State Water Resources Research Institute Program

Project ID: 2009CA255B
Title: Reducing Water Use in Naval orange Production with Partial Root Zone Drying - Comparison with Conventional Irrigation at the Same Reduced irrigation Rates
Project Type: Research
Start Date: 3/01/2009
End Date: 2/28/2010
Congressional District: 43
Focus Categories: Agriculture, Irrigation
Keywords: Irrigation, Reducing Water
Principal Investigator: Lovatt, Carol
Federal Funds: $ 24,999
Non-Federal Matching Funds: $ 45,074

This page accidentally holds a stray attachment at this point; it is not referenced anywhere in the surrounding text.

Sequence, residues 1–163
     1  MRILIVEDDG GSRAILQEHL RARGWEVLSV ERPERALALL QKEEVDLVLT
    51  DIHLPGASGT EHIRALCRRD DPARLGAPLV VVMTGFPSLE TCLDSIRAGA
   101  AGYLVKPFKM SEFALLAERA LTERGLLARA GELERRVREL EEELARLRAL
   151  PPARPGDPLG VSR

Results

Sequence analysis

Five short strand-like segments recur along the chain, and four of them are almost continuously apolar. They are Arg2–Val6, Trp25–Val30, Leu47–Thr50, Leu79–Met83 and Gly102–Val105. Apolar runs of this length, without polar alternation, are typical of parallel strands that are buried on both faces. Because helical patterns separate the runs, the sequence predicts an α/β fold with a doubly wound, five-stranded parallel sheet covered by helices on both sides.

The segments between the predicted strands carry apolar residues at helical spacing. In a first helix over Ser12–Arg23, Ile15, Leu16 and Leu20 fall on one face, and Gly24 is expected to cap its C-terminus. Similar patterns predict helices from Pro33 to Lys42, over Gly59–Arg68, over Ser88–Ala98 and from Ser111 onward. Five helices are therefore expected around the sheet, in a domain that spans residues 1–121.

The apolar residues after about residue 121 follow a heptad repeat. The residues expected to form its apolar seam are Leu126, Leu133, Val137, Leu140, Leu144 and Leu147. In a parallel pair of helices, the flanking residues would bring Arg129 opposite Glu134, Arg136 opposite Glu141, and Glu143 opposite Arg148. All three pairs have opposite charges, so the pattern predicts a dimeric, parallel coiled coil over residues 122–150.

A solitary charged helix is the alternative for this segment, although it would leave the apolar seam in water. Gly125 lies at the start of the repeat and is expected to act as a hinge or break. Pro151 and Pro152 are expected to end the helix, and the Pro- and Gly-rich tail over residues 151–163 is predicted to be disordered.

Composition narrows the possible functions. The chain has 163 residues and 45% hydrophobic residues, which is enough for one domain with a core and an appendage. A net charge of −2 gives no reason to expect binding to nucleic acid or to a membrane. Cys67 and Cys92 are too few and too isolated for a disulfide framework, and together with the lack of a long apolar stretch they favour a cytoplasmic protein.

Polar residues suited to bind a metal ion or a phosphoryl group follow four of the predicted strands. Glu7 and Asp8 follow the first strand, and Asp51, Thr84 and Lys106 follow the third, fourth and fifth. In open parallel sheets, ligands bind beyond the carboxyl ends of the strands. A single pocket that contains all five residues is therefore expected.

Abstract: Objectives - With irrigation water nearing $200 per acre-foot in the San Joaquin Valley, our research goal of testing the feasibility of using partial root zone drying (PRD) to reduce the amount of water used in citrus production and to increase grower net income is not only timely, it is critical to the sustainability of the California citrus industry. We are seeking 2 additional years of funding to obtain 3 years of yield data, a minimum for alternate bearing tree crops. In our research, PRD and reduced conventional irrigation (CI-RR) treatments have sustained a 25% to 50% water savings over the well-watered control. Funding started July 2006; thus, the spring 2007 crop was the first to set and mature under PRD and CI-RR treatments. Treatment effects on yield will be determined at harvest approx. February 2008. Our objectives are: (1) to reduce annual water use in a commercial navel orange orchard by alternately wetting and drying the root zone on two sides of the tree using irrigation rates that are 25% or 40% less than the well-watered control under conventional irrigation (CI); (2) to compare the PRD treatments with CI at the reduced rates (CI-RR) of 25% and 40% less than the well-watered control and with the well-watered control; (3) to compare the effect of PRD and CI-RR treatments on soil moisture content on each side of the tree to schedule the irrigation of the dry side and the withholding of water from the wet side of PRD trees or both sides of the CI-RR trees; (4) to compare the effect of PRD and CI-RR treatments on total yield, fruit size and quality at harvest and return bloom for three years; (5) to provide the initial soil moisture content values and number of calendar days for scheduling irrigation for PRD or CI-RR; and (6) to provide a cost:benefit analysis of the results.